When is an Employer Liable for an Employee's Motor Vehicle Accident

Sometimes the driver who causes a motor vehicle accident will be working at the time of the accident. For example, the driver may be making deliveries using a company vehicle or in the driver's personal vehicle. When the person who causes a motor vehicle accident is acting within the course and scope of employment, or is driving a company vehicle, a person injured as a result of the accident may be able to recoverdamages not only from the negligent driver, but also from the employer.

Owner Liability

Owner liability statutes provide that the if the owner of a vehicle allows somebody to drive their vehicle, the owner is liable for injuries caused by that person's negligent operation of the vehicle. Owner liability laws apply to employer vehicles, and may thus make an employer liable for injuries caused by an employee who is driving a work vehicle.

Negligent Hiring and Retention

When hiring an employee who will be operating motor vehicles while on the job, employers should exercise due care to only hire employees who are sufficiently skilled at driving to conduct those vehicles in a safe and appropriate manner.

Proper hiring practices will normally include checking a prospective employee's driving record, and making sure that the employee has a valid driver's license with all appropriate endorsements.

After a driver has been hired, if the employer learns information that relates to the driver's ability to safely conduct a vehicle, the employer may have a duty to suspend the employee's driving duties until the safety concerns have been resolved. Safety concerns may be raised by such information as:

  • Poor Driving Habits - The employer learns of unsafe driving activity by the employer, including the accumulation of tickets for moving violations;

  • Unsafe Conduct - The employer learns of conduct by the employee that, although perhaps not directly involving the operation of a vehicle, raises concern about the employee's ability to safely operate a vehicle. For example, an employee may be discovered to be drinking alcohol while at work.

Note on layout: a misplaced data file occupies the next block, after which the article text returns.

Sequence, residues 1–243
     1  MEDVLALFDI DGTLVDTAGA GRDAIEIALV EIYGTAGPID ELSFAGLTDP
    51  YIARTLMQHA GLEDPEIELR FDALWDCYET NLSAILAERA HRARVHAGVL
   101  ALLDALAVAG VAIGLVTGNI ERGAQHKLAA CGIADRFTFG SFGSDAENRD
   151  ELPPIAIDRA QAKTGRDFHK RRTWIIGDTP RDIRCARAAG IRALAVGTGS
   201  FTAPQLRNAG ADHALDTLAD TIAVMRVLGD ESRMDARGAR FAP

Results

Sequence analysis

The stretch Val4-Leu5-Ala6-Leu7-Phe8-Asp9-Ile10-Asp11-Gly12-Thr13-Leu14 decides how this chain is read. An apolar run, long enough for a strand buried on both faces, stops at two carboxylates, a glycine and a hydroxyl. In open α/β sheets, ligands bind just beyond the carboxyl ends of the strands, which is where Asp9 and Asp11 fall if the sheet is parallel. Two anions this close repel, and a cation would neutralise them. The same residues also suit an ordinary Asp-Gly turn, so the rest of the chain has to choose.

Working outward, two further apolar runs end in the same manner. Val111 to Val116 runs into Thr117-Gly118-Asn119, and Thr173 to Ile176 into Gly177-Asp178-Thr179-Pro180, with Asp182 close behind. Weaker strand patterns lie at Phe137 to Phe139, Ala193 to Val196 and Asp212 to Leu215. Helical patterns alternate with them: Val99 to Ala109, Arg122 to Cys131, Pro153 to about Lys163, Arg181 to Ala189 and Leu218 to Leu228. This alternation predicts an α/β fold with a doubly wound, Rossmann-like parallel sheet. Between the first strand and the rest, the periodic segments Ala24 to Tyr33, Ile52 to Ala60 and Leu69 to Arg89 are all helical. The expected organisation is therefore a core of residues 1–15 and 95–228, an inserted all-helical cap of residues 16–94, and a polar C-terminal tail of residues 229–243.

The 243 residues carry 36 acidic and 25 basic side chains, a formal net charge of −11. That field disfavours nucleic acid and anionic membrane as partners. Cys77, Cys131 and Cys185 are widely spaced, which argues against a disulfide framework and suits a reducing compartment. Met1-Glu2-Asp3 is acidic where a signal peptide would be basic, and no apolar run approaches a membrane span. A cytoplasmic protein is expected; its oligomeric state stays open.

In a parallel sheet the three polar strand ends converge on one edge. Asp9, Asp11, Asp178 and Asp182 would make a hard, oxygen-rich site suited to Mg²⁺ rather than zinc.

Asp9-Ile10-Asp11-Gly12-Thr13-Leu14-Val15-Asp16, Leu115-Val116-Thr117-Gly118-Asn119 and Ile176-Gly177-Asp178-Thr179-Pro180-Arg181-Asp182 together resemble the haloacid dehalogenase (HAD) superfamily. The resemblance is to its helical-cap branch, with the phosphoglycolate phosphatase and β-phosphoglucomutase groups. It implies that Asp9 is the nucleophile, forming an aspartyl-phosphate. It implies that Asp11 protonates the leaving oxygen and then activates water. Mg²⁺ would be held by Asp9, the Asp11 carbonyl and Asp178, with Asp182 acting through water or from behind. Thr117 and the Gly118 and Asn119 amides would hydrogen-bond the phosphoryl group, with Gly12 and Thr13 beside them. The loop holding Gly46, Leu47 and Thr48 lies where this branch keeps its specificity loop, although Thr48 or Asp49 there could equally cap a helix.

Negligent Supervision

Employer have a general duty to supervise their employee. If an employee fails to exercise adequate supervision over an employee, the employer can potentially be held liable for injuries that result from that failure. Although it may be difficult to show a duty to supervise within the context of a motor vehicle accident, cases may arise in which a claim of negligent supervision can be raised against an employer.

Vicarious Liability

Employers can typically be held jointly and severally liable for the negligent acts of their employees committed during the course and scope of employment, under the doctrine of respondeat superior (a Latin term meaning"a superior must answer"). Under this doctrine, a master (or employer) is required to answer for certain acts of his servant (employee), and may be responsible for the legal consequences of the employee's negligent acts.

Where the employer is a governmental entity, sovereign immunity may limit an injured person's remedies against the government employer. The scope of government immunity varies by state..

Unsafe Employer Policies

An employer may have policies that increase the risk of harm to motorists, and thus may render the employer liable for automobile accidents that result from those policies. For example, an employer that puts time limits on deliveries, or imposes penalties upon drivers who fail to meet time restrictions, may be found to be encouraging speeding and other unsafe driving conduct by employees. An employer that requires employees to answer pagers or phone calls within minutes of contact may be found to be encouraging drivers to take or place cellular phone calls while operating their vehicles. If the employer has reason to know, or reasonably should understand, that its policies will create dangers to other motorists and pedestrians, the employer should modify its policy lest it be held liable for an accident.

Copyright © 2006 Aaron Larson, All rights reserved. No portion of this article may be reproduced without the express written permission of the copyright holder. If you use a quotation, excerpt or paraphrase of this article, except as otherwise authorized in writing by the author of the article you must cite this article as a source for your work and include a link back to the original article from any online materials that incorporate or are derived from the content of this article.

This article was first published on , and was last reviewed or amended on Jul 16, 2016.